By Chris Petersen and Madeline Motley
The Marine Policy class, team taught by Chris Petersen and Ken Cline, is spending time at the Fisherman’s Forum in Rockland, Maine this weekend. The Fisherman’s forum is the yearly meeting of the fisher folk, state and federal officials, and interested citizens. It consists of a mixture of seminars, annual meetings for fishing organizations, and even a trade show for those of you in need of new lobster traps. Around the halls were exhibits from parties such as the Maine Coastal Program, various educational programs, and awareness programs. You could also buy your fix of sea glass art, the newest boat gear, get your blood pressure checked, or read up on the scallop harvest. In Chris’s opinion, the best part was the new (free) travel mug from the Maine Coastal Program. For the marine policy students, the forum presented a fantastic opportunity to interact with fishermen, state and federal regulators, and educational groups. Held at the Samoset, it clearly is a family affair, and it was hard to pull one particular student back to the seminars that make up bulk of the daily schedule when in the next room the movie, “The Croods” was showing.
This year, after the first two days, the meeting seems a bit tame. Perhaps it’s just been a long winter, perhaps the policy makers and scientists have figured out how to present data to the public (not very likely – although there are some excellent exceptions). Perhaps everyone is satisfied with Maine fisheries policy and the industry. Perhaps we should wait for Saturday when they talk about the shrimp fishery.
On Friday, something really fun and wonderful happened. People smiled. They cried during an afternoon session with a presentation on the Eastern Maine Skippers Program. What is the program, you ask? The skippers program is one solution to make education relevant and engaging for high school students. It blends rigorous academic study with real-life experiences that make learning stick. (We think they watched video from past and especially the current COA president to come up with this). The target groups of students are aspiring commercial fishermen in local coastal high schools.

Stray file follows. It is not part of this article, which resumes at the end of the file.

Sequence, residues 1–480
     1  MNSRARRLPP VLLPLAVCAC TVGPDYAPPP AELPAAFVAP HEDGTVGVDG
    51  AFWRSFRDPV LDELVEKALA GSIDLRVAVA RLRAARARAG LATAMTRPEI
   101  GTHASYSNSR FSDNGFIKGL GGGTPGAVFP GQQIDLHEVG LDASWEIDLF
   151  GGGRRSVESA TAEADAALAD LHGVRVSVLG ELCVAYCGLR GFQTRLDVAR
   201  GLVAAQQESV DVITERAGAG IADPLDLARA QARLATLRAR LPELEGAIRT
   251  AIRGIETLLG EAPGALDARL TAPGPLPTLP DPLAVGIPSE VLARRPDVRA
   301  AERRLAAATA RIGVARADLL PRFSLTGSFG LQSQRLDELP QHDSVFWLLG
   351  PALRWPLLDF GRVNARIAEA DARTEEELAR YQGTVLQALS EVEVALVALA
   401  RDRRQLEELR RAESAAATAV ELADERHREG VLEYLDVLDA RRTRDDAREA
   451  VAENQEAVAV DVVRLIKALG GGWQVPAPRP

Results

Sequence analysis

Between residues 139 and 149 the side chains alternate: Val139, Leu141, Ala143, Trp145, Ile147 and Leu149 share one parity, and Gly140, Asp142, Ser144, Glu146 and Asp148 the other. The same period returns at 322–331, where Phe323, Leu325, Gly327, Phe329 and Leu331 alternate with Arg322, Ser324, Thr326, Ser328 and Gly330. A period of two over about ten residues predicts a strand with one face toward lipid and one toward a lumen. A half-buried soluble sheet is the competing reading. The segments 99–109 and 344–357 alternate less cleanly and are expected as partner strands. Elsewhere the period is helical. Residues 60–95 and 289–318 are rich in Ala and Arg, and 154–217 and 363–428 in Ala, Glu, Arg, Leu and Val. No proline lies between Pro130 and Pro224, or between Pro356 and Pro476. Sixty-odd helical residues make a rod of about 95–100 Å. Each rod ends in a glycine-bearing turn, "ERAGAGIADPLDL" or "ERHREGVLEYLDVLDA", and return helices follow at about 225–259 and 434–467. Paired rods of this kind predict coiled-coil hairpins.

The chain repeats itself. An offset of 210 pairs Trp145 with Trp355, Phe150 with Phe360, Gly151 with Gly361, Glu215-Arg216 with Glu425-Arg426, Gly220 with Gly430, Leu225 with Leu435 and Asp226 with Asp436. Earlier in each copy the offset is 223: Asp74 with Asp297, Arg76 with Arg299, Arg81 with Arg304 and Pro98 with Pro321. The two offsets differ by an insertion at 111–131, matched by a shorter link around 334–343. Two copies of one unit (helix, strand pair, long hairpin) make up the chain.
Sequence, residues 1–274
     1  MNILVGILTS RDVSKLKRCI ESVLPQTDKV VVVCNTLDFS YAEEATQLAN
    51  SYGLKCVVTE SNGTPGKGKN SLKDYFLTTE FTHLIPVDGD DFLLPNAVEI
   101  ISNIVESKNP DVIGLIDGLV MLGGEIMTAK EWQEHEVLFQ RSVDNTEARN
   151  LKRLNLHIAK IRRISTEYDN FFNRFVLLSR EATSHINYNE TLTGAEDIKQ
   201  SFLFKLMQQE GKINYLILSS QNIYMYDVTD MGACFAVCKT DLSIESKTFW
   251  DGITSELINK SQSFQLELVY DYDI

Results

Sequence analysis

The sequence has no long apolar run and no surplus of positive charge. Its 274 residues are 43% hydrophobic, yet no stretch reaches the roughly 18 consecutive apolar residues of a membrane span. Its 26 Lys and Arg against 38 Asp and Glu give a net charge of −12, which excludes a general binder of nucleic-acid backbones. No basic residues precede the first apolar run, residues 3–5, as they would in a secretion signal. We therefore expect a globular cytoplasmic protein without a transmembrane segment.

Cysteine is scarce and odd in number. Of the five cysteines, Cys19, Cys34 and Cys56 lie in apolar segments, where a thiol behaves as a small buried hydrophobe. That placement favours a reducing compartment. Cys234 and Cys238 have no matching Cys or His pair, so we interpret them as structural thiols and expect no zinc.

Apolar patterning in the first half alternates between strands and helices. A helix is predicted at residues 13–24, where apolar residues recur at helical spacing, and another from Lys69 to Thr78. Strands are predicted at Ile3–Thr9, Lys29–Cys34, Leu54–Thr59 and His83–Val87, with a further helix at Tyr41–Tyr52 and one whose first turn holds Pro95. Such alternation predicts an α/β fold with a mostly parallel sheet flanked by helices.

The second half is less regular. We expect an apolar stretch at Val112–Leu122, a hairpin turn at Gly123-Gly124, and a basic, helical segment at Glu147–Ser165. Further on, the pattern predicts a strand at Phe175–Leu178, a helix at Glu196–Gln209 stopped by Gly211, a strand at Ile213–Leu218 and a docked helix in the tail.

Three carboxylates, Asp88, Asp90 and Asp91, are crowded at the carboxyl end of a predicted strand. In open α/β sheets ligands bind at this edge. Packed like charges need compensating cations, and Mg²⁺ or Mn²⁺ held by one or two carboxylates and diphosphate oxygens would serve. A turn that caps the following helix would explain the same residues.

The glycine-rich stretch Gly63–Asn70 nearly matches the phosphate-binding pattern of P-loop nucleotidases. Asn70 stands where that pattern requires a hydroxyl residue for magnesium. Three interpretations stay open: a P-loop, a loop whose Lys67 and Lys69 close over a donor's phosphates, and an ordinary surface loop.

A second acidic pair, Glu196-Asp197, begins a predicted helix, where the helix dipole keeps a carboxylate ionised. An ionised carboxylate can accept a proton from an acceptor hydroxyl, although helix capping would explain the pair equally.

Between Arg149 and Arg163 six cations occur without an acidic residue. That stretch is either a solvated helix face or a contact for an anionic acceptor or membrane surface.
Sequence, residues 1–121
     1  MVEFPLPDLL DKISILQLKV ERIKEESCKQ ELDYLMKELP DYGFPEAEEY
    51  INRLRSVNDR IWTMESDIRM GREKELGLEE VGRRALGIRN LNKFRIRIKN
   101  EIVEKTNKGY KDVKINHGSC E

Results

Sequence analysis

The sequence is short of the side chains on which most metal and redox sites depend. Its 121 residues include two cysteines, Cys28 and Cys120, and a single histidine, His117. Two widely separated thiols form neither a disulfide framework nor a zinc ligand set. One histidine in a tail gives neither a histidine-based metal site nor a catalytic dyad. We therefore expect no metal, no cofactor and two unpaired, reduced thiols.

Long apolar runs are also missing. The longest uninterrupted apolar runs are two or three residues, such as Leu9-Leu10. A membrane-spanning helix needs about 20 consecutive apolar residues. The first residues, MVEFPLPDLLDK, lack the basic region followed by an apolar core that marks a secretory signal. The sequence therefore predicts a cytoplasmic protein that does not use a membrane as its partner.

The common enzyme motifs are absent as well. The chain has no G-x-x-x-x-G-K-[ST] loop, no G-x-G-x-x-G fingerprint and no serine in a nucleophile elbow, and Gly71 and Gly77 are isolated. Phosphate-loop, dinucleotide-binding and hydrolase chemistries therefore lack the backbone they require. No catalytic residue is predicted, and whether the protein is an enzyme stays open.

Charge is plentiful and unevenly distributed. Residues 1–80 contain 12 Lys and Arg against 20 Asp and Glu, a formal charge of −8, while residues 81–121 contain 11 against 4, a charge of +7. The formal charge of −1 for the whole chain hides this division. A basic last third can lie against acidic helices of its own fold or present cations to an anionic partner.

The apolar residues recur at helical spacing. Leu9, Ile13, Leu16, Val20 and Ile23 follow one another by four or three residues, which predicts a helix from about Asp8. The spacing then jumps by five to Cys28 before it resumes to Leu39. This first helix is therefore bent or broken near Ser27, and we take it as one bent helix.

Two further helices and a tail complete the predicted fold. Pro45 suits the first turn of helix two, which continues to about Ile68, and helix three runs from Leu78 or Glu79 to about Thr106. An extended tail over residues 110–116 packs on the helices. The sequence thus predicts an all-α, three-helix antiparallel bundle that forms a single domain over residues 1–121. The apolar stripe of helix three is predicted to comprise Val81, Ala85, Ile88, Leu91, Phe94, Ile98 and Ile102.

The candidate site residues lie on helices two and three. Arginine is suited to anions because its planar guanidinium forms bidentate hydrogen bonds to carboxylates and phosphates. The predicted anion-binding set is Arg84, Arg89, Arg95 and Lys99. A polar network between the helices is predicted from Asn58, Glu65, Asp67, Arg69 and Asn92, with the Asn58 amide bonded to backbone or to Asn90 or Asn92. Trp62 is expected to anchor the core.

The idea is the result of collaboration from Penobscot East Resource Center and Deer Isle – Stonington High School. The program has now started in several high schools from Jonesport to Vinalhaven. The session was run by three people, from right to left on the picture, Todd West, principal of the Deer Isle – Stonington High School (Todd graduated from COA with his teaching certificate in 2000), Carla Guenther, senior scientists at Penobscot East (Carla has mentored several COA interns in Stonington, talked in multiple COA classes, and is currently a COA research associate), and Val Peacock, program director for Rural Aspirations Project (Val started college at COA in the early 90’s). To be fair, both Todd and Val also both have spent time at the University of Maine at Orono. They were great, but the high school students in the program stole the show.
Students from each of the six schools with an active program gave a presentation to a standing-room-only crowd that we estimated at least 150. This year, the students focused on the “Green Crab Problem.” Green crabs are an invasive species in Maine, and many fishermen and scientists are worried that if something is not done soon, they will become a huge problem. Students used their problem solving skills to come up with creative solutions as to what we should do with the green crabs. All of the groups agreed that they need to create a market for these crabs. They all had difficulty catching crabs to test their solutions, but one group has been designing their own trap design as their solution. Others plan on successfully trapping crabs in the spring and trying out their own solutions- such as fertilizers and green crab recipes. One group already has an agreement with a local golf course, which agreed to be the experimental plot for a green crab fertilizer. Recipes ranged from smoked crab, crab sushi, Rangoon, to dried powdered crab to be used as a spice.